Standard Life Aberdeen Only for palm oil 20% 2020


* Forest 500 assesses policies for scope, strength, and reporting on implementation progress, but financial institutions are also awarded points for having an anti-corruption policy, and for policies on gender, smallholder farmers and other human rights considerations, so it is possible to receive points without having a deforestation policy in place. 
** This date is the first date these companies were assessed by the Forest 500, policies may have been introduced earlier. 


Out of the entire Forest 500, 43% of companies and financial institutions do not have any commitments on deforestation. To successfully reduce tropical deforestation, action is needed from all of these companies. Without that action, voluntary commitments have failed.

“We support the Government’s proposal to introduce a due diligence requirement on business in the Environment Bill as we recognise that the private sector has a critical role in addressing global deforestation. This is an important step forward in reducing the UK’s overseas deforestation footprint and financial institutions have a key part to play.” Eugenie Mathieu from Aviva Investors

The case for including finance

The Forest 500 ranking includes banks and investors because financial institutions can play an important role in driving change in forest-risk supply chains, and more and more institutions are recognising they have a responsibility to address climate and nature risks in their lending and investment activities.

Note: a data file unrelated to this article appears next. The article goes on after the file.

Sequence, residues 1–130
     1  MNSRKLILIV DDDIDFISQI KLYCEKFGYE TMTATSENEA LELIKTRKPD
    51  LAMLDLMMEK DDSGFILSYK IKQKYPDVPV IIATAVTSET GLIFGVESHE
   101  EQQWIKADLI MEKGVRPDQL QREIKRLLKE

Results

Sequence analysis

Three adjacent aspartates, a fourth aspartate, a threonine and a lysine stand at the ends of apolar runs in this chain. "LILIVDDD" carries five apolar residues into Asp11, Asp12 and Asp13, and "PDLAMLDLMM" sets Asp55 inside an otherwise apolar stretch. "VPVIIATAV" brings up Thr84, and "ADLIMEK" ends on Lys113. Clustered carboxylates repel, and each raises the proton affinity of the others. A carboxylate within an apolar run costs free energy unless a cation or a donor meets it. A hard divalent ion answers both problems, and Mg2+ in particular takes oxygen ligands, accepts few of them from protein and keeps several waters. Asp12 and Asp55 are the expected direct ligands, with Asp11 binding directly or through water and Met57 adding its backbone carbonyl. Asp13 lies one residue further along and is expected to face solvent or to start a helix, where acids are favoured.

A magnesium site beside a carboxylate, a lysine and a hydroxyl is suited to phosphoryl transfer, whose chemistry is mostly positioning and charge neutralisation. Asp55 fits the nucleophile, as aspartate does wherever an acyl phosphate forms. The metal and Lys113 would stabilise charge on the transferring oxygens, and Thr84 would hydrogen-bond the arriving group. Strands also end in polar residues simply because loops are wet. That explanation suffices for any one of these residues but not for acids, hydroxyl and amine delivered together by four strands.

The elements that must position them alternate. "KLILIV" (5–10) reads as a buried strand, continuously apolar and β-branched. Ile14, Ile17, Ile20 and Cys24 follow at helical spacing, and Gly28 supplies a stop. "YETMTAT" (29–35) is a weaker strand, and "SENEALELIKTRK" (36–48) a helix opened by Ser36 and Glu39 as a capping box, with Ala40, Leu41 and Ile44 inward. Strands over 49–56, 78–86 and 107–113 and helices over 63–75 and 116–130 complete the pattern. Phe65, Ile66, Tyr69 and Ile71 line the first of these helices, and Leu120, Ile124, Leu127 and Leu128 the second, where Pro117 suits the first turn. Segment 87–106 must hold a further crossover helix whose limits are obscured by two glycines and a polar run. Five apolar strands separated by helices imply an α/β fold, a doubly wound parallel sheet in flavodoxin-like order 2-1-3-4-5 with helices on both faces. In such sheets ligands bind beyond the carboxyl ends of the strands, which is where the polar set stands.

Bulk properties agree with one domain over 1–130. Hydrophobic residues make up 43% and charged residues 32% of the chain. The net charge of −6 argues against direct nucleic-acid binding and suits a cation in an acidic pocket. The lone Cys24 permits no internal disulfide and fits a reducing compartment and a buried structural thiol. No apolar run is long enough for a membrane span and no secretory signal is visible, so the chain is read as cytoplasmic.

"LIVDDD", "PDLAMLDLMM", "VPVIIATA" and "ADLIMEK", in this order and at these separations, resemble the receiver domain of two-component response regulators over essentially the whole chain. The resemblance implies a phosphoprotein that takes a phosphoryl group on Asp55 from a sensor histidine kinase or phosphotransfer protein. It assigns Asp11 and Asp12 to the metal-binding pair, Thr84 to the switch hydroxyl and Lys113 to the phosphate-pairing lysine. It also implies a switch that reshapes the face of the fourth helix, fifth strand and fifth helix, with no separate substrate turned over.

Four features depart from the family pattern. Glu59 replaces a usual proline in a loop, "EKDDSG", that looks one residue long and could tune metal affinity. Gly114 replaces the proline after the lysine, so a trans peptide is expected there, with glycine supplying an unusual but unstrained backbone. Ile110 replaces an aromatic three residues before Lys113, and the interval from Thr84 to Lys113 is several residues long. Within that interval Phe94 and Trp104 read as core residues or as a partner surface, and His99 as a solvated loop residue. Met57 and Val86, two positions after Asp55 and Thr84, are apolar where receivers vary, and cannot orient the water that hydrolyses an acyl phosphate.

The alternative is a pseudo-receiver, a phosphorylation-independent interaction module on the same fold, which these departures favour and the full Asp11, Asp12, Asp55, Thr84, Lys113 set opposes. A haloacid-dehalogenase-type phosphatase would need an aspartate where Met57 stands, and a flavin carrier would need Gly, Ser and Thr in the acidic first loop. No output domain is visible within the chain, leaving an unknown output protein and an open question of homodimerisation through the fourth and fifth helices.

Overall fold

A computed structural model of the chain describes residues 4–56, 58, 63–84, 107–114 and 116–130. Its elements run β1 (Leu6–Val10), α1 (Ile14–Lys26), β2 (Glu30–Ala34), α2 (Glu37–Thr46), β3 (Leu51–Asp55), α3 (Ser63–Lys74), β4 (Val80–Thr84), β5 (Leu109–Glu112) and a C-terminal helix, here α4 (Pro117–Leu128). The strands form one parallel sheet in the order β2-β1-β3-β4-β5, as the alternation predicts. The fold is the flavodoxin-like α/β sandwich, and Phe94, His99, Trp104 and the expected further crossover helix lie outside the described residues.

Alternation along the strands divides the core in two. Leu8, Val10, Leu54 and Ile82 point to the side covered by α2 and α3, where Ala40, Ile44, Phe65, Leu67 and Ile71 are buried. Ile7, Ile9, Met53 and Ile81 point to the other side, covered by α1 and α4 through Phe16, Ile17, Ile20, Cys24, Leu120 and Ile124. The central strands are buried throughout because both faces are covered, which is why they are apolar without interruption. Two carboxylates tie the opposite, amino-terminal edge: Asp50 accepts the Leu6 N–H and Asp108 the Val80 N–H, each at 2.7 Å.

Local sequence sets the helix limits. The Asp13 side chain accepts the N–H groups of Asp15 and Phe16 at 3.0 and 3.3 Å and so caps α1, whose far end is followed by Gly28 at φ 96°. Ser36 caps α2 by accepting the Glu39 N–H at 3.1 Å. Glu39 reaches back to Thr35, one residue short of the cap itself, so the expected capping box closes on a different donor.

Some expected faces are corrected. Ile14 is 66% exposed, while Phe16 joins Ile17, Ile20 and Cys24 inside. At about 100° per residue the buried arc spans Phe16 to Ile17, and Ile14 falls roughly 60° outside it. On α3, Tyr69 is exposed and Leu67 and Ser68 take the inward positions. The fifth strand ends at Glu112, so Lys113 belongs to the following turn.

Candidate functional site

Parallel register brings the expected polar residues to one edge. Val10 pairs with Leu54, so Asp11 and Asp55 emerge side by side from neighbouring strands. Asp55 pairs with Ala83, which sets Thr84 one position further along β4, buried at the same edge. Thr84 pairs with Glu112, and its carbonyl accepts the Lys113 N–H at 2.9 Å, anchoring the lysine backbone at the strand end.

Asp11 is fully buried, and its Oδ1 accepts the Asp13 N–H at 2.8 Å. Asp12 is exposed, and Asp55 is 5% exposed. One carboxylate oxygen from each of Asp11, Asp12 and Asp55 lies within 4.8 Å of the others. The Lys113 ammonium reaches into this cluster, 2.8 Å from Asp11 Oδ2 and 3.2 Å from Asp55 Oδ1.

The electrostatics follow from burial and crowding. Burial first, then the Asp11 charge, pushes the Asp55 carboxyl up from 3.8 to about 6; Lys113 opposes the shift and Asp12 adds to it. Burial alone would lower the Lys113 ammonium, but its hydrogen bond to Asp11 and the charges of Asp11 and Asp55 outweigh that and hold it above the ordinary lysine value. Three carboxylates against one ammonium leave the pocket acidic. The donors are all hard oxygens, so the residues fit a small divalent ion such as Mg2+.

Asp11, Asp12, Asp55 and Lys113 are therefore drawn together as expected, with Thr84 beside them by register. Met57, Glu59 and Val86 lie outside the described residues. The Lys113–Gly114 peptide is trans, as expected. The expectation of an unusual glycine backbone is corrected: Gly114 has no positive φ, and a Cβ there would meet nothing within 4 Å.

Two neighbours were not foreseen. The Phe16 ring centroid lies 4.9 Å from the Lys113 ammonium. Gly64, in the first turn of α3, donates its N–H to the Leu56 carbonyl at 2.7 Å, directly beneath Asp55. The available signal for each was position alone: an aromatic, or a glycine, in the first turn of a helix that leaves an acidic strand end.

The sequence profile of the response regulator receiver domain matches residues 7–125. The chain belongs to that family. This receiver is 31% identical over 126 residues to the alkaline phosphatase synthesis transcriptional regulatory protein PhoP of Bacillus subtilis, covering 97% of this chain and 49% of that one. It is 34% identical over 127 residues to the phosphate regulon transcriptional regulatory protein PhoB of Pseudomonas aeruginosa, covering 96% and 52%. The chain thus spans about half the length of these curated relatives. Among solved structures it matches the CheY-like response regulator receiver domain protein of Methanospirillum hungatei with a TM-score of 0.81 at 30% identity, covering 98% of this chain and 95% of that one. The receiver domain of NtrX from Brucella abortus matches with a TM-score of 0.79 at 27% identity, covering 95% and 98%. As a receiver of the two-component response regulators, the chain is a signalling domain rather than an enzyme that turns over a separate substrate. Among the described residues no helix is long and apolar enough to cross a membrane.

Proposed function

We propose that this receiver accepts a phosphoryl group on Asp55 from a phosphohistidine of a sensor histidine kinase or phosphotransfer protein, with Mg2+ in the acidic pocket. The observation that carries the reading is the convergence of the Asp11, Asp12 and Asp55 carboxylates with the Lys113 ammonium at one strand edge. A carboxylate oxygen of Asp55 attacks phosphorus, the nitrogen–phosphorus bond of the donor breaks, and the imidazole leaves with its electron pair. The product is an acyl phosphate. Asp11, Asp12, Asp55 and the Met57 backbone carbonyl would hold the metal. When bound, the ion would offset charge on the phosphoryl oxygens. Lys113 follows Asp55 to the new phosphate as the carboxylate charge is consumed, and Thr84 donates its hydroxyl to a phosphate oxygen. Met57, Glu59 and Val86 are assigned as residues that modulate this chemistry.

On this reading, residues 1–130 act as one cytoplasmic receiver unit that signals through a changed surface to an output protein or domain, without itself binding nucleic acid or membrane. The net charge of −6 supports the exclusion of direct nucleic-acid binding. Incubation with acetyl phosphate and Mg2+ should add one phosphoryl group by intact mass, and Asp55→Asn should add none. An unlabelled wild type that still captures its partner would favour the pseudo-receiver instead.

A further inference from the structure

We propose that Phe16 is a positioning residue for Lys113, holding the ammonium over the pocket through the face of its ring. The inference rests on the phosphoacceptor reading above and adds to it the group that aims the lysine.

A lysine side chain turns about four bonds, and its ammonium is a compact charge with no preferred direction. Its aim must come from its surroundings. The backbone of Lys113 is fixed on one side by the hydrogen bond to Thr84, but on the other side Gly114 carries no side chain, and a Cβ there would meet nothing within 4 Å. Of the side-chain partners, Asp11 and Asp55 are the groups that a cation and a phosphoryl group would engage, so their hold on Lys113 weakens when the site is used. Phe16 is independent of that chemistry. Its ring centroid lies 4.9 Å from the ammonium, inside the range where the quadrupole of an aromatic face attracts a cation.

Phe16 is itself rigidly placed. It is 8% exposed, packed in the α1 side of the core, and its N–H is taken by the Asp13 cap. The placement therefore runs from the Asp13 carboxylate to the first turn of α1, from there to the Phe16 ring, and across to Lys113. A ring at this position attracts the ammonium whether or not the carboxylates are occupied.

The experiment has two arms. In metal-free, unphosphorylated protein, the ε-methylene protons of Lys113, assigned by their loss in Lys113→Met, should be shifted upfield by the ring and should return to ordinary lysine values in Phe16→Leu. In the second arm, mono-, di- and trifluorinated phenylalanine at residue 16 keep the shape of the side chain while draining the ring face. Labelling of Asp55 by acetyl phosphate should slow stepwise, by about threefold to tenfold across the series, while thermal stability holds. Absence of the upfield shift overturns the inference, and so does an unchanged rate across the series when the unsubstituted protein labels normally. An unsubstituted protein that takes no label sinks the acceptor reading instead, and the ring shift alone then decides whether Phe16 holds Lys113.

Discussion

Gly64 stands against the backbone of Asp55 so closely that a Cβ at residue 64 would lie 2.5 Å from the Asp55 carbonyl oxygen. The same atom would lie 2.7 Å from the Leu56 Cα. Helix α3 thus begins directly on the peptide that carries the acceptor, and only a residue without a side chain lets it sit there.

“We recognise the need for financial institutions to recognise and minimise the risks from investments in activities that harm biodiversity. This is particularly true, given the associated climate risks, for activities linked to deforestation. We need clear guidance on best practice for all forms of finance, and the government may have a role to play in driving forward this change.” Emine Isciel, Storebrand

A due diligence requirement for financial institutions would create a level playing field for UK investment - requiring action from all financial institutions, not just those that already recognise the importance of addressing deforestation risks.

It would also help drive action beyond UK companies, with UK investment linked to companies in other jurisdictions, including many which have so far failed to take action to address their deforestation risks. By requiring UK-based investors to act, the legislation could have an impact globally, which is crucial given that the majority of companies without deforestation commitments are not in the UK. 

Still time to amend the Bill

The UK government has expressed a clear commitment to protecting nature and reducing the UK’s deforestation footprint. Its Green Finance Strategy seeks to position the UK as a global hub for green finance. 

To deliver on those commitments, it needs to reflect them in the Environment Bill by supporting proposed amendments that would extend the due diligence requirements to financial institutions and extend the definition of deforestation to include all deforestation and conversion. 

This would send a clear message to companies and investors, and help meet the demands of consumers, investors and pension holders who do not want to be driving deforestation through the choices they make.